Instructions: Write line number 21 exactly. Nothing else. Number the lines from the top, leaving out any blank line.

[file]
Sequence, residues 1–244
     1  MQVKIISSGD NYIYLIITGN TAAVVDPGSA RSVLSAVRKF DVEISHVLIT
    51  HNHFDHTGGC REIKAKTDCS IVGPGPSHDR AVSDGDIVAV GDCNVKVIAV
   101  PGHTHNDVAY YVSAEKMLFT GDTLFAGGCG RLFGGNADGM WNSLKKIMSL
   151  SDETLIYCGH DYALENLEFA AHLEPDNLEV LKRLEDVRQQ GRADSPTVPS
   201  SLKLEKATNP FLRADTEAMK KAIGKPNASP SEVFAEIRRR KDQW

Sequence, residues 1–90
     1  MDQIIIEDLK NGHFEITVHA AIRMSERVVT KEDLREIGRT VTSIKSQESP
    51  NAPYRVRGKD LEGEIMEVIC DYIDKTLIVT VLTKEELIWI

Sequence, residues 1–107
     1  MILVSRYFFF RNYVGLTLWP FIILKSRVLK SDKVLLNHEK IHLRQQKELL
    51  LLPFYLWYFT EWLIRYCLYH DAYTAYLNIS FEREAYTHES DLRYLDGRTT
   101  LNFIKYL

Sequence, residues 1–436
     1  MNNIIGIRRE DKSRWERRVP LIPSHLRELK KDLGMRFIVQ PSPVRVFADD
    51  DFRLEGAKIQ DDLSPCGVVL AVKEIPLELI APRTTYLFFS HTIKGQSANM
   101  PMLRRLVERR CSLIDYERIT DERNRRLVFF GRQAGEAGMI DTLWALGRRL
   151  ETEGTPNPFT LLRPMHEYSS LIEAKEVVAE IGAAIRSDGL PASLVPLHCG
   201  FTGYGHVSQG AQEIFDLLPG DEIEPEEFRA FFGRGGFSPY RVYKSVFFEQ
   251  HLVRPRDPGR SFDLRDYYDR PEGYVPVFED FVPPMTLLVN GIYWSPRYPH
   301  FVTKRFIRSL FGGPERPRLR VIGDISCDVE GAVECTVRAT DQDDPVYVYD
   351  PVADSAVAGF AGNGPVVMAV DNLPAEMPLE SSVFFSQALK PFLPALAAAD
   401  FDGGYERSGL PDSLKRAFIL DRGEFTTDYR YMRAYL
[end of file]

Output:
   301  FVTKRFIRSL FGGPERPRLR VIGDISCDVE GAVECTVRAT DQDDPVYVYD